Newsweek (June 5, 2018): Inside the $28 Million Alzheimer’s Village Where Patients Can Shop, Farm and Socialize Freely

June 12, 2018

A multimillion-dollar village designed as part of an experimental treatment for sufferers of Alzheimer’s disease has started construction in southwestern France.

The complex - hailed as France’s first “Alzheimer’s village” - will house 120 people and will include amenities such as shops, a gym, a restaurant and a small farm, allowing residents to walk freely and maintain a social life, despite their condition. Construction of France’s first facility of its kind began on Monday near a spa town in the Nouvelle-Aquitaine region and will open in 2019.

“There won’t be any white coats in the village,” Gabriel Bellocq, former mayor of the Dax commune, where the new settlement will stand, told daily newspaper Le Parisien. “We wanted the patients to feel at home in an environment that could remind them of life in the good old days.”

The “village” is designed to mimic the lifestyle outside hospital walls in southwestern France, with roughly 200 plainclothes caregivers and staff. Alzheimer’s patients who live in the new facilities will be confined to a 12-acre, gated piece of land, at the urbanized corner of sub-Pyrenean farmlands and forests.

The building plans include four different housing complexes, made to resemble the region’s historic bastide settlements. The medieval town layout became common to Aquitaine when rulers would command the construction of fortified settlements, sometimes from scratch, using a grid plan around the main square. The new village in Dax will be located around 50 miles from one such bastide, founded in the 13th century.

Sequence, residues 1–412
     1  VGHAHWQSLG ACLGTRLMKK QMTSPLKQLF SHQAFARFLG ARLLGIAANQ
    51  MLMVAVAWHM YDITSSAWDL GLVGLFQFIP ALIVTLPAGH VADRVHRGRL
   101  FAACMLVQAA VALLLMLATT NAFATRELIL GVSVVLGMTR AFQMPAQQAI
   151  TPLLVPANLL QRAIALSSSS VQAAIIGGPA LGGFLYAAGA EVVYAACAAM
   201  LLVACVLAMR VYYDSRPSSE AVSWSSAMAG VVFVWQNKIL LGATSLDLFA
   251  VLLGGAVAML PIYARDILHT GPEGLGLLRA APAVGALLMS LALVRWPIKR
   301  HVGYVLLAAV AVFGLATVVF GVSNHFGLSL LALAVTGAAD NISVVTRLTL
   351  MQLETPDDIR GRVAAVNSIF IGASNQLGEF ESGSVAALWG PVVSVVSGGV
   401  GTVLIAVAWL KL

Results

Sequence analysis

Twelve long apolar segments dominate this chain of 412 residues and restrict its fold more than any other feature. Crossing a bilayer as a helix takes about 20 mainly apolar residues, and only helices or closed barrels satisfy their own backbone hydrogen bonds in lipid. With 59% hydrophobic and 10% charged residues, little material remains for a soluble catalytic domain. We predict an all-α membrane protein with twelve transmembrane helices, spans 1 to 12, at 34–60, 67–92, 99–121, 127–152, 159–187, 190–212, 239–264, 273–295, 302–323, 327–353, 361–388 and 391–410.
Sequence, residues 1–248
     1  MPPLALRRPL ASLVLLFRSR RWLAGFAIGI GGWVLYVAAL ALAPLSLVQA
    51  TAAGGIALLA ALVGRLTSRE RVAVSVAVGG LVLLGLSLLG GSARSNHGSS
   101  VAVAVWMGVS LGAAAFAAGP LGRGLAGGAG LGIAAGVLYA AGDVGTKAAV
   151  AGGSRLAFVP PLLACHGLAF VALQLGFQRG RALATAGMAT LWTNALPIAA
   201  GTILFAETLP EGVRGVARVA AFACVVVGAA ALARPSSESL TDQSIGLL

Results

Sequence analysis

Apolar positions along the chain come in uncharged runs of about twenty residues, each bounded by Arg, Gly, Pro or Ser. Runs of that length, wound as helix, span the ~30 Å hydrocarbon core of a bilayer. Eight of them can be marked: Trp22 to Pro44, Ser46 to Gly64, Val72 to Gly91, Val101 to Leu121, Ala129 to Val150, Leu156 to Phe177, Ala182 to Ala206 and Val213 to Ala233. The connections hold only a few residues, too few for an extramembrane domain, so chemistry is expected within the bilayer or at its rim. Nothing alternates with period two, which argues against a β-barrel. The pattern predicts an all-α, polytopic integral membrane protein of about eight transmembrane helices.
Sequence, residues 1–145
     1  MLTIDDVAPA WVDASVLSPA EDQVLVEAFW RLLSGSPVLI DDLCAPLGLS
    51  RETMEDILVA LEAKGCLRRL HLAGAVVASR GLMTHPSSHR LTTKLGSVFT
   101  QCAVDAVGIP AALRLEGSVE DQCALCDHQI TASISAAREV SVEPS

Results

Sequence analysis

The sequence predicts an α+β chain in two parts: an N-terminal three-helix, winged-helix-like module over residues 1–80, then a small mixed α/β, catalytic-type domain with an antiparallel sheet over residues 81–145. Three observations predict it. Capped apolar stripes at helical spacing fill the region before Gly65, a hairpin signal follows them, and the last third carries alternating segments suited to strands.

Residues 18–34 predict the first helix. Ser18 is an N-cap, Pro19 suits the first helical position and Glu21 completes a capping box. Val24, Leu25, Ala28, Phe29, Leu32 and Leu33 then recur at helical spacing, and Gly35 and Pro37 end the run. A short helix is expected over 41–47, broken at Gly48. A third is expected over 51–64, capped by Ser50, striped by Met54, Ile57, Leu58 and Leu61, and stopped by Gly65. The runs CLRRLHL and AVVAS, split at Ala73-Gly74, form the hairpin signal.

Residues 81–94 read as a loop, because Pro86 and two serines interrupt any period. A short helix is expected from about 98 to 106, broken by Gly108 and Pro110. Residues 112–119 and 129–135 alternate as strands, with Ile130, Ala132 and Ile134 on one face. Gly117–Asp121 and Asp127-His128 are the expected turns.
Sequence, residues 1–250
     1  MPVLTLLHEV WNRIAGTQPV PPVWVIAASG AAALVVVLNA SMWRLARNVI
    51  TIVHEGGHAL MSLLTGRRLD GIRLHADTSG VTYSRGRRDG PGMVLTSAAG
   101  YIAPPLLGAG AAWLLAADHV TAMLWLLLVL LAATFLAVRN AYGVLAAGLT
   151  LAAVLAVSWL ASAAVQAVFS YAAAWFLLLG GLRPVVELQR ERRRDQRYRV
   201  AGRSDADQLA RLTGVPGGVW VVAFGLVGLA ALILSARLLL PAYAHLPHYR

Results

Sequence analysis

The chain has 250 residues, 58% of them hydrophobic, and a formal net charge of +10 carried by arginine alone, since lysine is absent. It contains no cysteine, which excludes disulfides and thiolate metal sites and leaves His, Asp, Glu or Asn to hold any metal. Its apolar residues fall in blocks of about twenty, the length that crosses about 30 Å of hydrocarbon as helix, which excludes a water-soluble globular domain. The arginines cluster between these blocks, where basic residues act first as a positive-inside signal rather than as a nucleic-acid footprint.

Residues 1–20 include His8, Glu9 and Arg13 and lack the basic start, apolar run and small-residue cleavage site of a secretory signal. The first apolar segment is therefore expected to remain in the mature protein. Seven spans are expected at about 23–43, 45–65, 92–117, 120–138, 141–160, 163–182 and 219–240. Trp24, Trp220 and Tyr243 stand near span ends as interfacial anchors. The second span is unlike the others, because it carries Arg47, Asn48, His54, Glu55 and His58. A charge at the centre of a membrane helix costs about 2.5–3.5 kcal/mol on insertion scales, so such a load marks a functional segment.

The project will reportedly cost 24 million euros ($28 million), predominantly paid for by the regional government, and researchers will work with the facility to determine whether the new environment provides a better treatment for Alzheimer’s.

The cause of Alzheimer's disease is unclear, early predictive diagnosis is difficult and no cure currently exists. The life-limiting illness is the most common type of dementia, which causes a decline of the brain’s functions, which may include memory, reasoning ability and other mental activities, according to Britain's National Health Service.

"This is an experiment, validated by the Regional Agency of Health and the Ministry of Health, which intends to use this village to study the evolution of the disease outside the medical environment," Bellocq told the Europe1 broadcaster.

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